Use this URL to cite or link to this record in EThOS:
Title: Human capital, informality and labour market outcomes in sub-Saharan Africa
Author: Kerr, Andrew Nicholas
ISNI:       0000 0003 7532 4504
Awarding Body: University of Oxford
Current Institution: University of Oxford
Date of Award: 2011
Availability of Full Text:
Access from EThOS:
Full text unavailable from EThOS. Please try the link below.
Access from Institution:
In this thesis I explore three topics in labour economics, using micro data from South Africa and Tanzania. South Africa suffers from extremely high income inequality, in part as a result of comprehensive Apartheid-era racial discrimination. The first topic explores possible explanations for the extremely large earnings differences across different types of employment for black South Africans, using the KwaZulu-Natal Income Dynamics Study data. I analyse the relative importance of individual ability and institutions, including public sector wage setting and trade unions, in determining earnings. My results suggest that human capital explains much of the earnings differentials within the private sector, including union premiums, but cannot explain the large premiums for public sector workers. Self-employment is very common in urban Tanzania but, unlike South Africa, survey data show that there are large overlaps in the distribution of earnings in private wage employment and self-employment. This suggests that self-employment represents a viable alternative to wage employment in small, low productivity firms for the majority of urban Tanzanians. In chapter three I build an equilibrium search model of the urban Tanzanian labour market to explain the choice of wage and self-employment and the variation in earnings across and within these sectors. In the final topic I explore the effect of education on earnings in Tanzania. Estimating the returns to education has stimulated much recent work in applied econometrics as researchers advance their understanding of the effect of individual heterogeneity on the possibility of estimating the returns to education. In my attempt to purge estimates of the return to education of the influence of individual heterogeneity, I use an education reform in Tanzania as a natural experiment that provides exogenous variation in education. When using Ordinary Least Squares (OLS) I find high and strongly convex, increasing returns to education. My best attempt at separating out the effect of individual heterogeneity suggests that returns are still high but that they may actually be concave.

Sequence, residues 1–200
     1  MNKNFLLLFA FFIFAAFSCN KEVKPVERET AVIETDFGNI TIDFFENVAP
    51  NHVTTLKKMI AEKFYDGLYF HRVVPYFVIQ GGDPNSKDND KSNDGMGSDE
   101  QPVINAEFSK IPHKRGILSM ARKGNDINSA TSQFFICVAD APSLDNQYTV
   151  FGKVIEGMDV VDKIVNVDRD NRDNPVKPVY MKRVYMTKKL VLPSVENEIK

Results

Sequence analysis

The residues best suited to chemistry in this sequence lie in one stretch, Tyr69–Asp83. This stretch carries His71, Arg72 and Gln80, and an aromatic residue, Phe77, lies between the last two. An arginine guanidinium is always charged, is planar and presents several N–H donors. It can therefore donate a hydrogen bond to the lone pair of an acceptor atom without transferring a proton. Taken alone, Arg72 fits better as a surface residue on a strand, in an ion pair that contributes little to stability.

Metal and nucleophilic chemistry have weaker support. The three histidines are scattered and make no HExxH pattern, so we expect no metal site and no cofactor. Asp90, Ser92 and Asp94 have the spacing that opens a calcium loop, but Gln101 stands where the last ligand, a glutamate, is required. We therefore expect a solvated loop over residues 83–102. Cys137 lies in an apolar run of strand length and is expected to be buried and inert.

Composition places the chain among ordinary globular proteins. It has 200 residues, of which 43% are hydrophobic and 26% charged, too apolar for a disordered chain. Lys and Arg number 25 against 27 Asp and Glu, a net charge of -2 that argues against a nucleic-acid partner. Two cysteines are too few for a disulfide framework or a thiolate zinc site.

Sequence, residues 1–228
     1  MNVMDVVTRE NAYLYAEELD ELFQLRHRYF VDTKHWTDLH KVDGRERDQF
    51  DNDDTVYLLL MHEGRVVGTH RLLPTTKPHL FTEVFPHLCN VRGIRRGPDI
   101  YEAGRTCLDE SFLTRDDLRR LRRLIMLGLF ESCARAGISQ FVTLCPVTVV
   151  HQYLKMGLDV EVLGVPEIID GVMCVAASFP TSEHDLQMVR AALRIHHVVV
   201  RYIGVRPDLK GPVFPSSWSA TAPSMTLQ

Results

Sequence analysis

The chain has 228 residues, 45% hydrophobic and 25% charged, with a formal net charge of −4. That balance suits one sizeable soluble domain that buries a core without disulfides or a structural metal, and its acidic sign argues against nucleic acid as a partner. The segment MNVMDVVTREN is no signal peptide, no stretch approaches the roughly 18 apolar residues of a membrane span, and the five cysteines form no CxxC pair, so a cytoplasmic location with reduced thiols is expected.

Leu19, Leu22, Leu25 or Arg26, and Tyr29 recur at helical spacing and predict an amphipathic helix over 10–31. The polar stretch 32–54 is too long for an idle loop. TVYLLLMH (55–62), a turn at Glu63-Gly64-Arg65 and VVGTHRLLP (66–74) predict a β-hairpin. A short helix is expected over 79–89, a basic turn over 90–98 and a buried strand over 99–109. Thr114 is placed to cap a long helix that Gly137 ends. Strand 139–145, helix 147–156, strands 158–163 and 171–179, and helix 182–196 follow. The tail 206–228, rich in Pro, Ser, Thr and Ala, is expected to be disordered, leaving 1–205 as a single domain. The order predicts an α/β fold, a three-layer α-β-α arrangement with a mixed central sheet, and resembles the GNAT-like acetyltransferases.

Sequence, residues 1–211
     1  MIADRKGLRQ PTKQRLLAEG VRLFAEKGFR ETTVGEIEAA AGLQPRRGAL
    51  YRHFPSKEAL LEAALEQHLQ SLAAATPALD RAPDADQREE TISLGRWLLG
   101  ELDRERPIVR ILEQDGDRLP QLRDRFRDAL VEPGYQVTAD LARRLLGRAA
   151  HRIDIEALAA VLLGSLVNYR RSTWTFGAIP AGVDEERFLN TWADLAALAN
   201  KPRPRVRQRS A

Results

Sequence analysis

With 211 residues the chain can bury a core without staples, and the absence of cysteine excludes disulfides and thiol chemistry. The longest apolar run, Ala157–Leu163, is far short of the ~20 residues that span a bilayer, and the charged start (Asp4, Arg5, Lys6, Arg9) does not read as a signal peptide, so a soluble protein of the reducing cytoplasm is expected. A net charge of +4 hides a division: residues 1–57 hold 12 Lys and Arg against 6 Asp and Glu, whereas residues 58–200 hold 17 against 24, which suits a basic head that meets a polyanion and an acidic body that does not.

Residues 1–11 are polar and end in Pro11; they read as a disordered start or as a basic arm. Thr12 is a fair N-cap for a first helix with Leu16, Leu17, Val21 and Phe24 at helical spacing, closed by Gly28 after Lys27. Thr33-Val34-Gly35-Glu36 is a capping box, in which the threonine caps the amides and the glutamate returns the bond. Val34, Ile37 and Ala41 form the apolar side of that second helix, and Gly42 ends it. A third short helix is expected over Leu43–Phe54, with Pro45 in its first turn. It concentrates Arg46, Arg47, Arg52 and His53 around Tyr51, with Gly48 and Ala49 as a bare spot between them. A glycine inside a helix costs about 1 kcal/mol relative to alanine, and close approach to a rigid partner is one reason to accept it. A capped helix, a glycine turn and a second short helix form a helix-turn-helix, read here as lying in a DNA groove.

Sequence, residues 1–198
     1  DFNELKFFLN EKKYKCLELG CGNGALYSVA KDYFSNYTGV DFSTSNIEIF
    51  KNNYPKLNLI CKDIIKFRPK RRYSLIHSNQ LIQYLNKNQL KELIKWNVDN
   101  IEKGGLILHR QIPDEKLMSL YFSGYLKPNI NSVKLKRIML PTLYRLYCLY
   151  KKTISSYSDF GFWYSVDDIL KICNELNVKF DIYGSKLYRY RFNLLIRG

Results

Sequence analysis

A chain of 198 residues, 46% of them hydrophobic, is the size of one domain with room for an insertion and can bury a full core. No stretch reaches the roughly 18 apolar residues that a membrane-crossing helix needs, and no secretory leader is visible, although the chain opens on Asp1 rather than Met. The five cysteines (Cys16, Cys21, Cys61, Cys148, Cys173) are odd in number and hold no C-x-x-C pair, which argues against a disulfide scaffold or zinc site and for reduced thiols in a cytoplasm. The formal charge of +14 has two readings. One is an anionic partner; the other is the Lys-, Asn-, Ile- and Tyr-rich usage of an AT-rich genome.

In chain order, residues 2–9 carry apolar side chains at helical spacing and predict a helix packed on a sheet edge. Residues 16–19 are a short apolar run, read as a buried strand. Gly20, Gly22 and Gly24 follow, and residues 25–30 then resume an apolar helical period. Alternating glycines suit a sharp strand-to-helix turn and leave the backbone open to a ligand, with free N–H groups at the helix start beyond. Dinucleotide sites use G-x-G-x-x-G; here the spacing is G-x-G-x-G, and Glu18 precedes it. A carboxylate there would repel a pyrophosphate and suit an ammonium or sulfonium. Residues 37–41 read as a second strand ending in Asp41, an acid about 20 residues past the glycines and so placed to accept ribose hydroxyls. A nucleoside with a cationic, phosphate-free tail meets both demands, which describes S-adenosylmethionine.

Supervisor: Teal, Francis Sponsor: Not available
Qualification Name: Thesis (Ph.D.) Qualification Level: Doctoral
EThOS ID:  DOI: Not available
Keywords: Development economics ; Labour economics ; South Africa ; Tanzania ; informality ; human capital